By Harry Minium

When the four-minute video ended, the 34 Old Dominion women's lacrosse players were somber. Some were crying. Others put their heads on their desks.

Coach Heather Holt asked if anyone had anything to say. No one spoke. The emotion was palpable.

For five of the last six years, the team has hosted a dinner at Norfolk Fire Station No. 7, at 43rd Street and Hampton Boulevard, to commemorate the 9/11 terrorist attacks, which claimed the lives of 2,977 people, including 343 New York City firefighters.

This Saturday was the 20th anniversary of 9/11. Many of the players hadn't been born and none was old enough to remember that day.

That was the point of the video. It showed the carnage of planes highjacked by terrorists plowing into New York's twin towers and later, the buildings collapsing. The video was overlayed with the voices of passengers saying goodbye to loved ones and air traffic controllers desperately trying to reach pilots.

"I didn't want our players to think we're just going out to have a fun dinner," Holt said. "I wanted them to know why and think about what happened and how firefighters so often put themselves in harm's way.

"The best man in my wedding was in the Navy and he was on the Enterprise, one of the first ships to go to Afghanistan. This was pretty near and dear to my heart and my husband's heart."

The video was a revelation to Riley Leischner, a senior from Denver, Colorado, who was tasked with putting the dinner together. She said hearing the panicked passengers, most of whom knew they would soon be dead, was haunting.

"I worked on this all week, and I hadn't actually sat down and thought about the importance of what happened," Leischner said. "It took that video to bring that back to me."

Senior Paige Angelus, who worked with Leischner and Amber Stieve to organize the dinner, was a year old on 9/11.

"I was so touched by the video," she said. "We do this every year, but hearing the phone calls made me realize that these were real people this happened to. It made me want to be here even more celebrating with these firefighters."

The lacrosse team began hosting the dinner in 2016 at the behest of then-senior Jessi Deluca, whose father was a New York firefighter. Last year's dinner was canceled because of the pandemic.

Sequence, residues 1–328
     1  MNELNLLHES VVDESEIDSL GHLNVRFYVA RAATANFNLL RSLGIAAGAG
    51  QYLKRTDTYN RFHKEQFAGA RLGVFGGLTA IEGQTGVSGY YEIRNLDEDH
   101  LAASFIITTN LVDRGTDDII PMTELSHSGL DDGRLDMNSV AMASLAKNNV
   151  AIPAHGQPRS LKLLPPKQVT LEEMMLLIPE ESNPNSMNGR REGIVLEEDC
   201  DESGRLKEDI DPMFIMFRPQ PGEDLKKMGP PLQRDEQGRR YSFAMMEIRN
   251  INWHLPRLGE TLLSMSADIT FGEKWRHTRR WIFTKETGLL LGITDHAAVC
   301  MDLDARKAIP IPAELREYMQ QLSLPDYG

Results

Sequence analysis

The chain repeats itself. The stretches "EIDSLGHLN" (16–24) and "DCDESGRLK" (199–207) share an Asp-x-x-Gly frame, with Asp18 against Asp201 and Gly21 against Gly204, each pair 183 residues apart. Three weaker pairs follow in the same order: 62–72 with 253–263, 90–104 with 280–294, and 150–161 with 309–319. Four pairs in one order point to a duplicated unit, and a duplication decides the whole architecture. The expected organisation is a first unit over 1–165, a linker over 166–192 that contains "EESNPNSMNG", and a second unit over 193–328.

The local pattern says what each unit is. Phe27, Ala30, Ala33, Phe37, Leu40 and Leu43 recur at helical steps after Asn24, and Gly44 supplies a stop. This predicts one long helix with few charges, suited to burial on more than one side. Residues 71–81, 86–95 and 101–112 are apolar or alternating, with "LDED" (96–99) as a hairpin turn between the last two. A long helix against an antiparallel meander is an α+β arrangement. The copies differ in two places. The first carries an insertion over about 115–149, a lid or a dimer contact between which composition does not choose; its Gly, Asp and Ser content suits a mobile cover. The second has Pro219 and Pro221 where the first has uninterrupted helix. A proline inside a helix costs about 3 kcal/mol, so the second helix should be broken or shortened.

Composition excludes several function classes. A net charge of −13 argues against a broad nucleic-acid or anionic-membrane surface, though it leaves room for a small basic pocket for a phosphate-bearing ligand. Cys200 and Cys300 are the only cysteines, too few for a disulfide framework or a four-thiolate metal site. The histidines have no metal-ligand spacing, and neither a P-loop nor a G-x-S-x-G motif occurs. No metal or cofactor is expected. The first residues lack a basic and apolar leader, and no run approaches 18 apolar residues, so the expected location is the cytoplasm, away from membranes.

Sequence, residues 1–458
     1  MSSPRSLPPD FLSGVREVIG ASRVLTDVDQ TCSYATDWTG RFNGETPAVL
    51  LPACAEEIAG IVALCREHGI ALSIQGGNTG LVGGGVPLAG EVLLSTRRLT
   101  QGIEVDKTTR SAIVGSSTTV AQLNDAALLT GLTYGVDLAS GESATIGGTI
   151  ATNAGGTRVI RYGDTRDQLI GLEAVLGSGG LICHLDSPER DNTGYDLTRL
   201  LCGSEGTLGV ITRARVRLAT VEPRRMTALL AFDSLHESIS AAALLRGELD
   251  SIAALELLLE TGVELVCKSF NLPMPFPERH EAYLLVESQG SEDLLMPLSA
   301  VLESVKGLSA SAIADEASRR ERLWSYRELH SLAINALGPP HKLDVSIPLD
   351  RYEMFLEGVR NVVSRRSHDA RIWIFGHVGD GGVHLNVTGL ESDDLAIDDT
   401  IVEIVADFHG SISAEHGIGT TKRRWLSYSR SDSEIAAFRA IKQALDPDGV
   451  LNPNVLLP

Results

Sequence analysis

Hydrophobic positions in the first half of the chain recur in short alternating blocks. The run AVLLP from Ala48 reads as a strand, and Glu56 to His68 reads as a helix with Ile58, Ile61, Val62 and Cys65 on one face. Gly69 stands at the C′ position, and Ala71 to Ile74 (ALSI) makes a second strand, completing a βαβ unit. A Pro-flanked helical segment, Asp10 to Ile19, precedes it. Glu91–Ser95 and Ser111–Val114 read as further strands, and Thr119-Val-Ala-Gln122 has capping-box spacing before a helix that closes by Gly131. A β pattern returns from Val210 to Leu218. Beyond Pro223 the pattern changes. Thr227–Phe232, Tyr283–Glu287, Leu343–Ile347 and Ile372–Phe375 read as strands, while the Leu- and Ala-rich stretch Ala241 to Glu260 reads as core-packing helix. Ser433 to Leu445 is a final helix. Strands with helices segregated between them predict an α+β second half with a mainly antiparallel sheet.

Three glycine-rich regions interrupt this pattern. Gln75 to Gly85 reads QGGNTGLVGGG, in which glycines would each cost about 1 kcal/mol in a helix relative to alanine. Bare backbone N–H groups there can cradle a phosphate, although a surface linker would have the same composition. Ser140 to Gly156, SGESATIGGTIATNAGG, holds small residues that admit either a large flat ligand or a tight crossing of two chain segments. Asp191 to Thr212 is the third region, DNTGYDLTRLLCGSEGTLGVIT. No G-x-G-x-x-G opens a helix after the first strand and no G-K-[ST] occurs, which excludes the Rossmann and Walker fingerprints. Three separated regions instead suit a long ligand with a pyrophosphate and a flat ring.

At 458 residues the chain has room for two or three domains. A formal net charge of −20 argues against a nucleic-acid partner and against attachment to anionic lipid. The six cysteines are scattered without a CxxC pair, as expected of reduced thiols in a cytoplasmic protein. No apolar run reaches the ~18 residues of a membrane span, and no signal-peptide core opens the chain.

Stieve is a senior from Long Island who has a much closer connection to 9/11 than her teammates. Her mother, Denise, was in the city the morning the attacks occurred. Because cell service and the phone systems were down, her father Paul, did not know Denise was safe until late that night, when she finally got home.

"My dad was freaking out," Stieve said. "The only way out of the city was by ferry and you waited hours and hours before you could get on one."

Stieve said her parents have told her how Americans came together in the wake of the attacks, and she hopes this year's 9/11 commemoration can help unify a deeply divided nation.

"The video brought to life everything we talk about, and about how much we really do love this country and how grateful we should be to live here," she said. "People have lost sight of how much we have here, of how lucky we are to be Americans. I hope the 20th anniversary will help people unite."

A thunderstorm Wednesday night forced the dinner to be held inside the firehouse but did nothing to dampen the enthusiasm of firefighters and athletes.

More than 150 athletes donated $18 apiece to help pay for dinner - for themselves and for firefighters. More than $2,500 was raised, and much of it will go to fill the summer camp backpacks of youngsters who have been treated in the Sentara Norfolk General Burn Clinic.

Many athletes walked through the rain and showed up dripping wet. They played corn hole and other games with firefighters while they took turns dining on chicken parmesan, pizza and salad, which was catered, and a cake made by Holt.

"We really appreciate this," said Shane Lyle, a lieutenant in his 24th year as a firefighter. "This kind of thing doesn't happen very often."

Chris Fultz, one of three captains at the fire station, said nearly every firefighter has run into a burning building to rescue people, but some of the firefighters in New York ran into the twin towers knowing their chances of survival were long. A longtime member of Federal Emergency Management Agency, he lost friends in the twin towers.

"Everyone coming in from the different boroughs, they could see what was happening," he said. "They knew what they were walking into wasn't good. But they ran into the buildings to do their jobs."

Angelus said she and her teammates are grateful to the Norfolk firefighters, "who are here to make sure that we are all safe."

"That's what I love about ODU lacrosse, about ODU athletics," she added. "We like to get in touch with our community. To sit and talk with them, and not just know that they are firefighters, but to know their faces, to know their names, I loved that."

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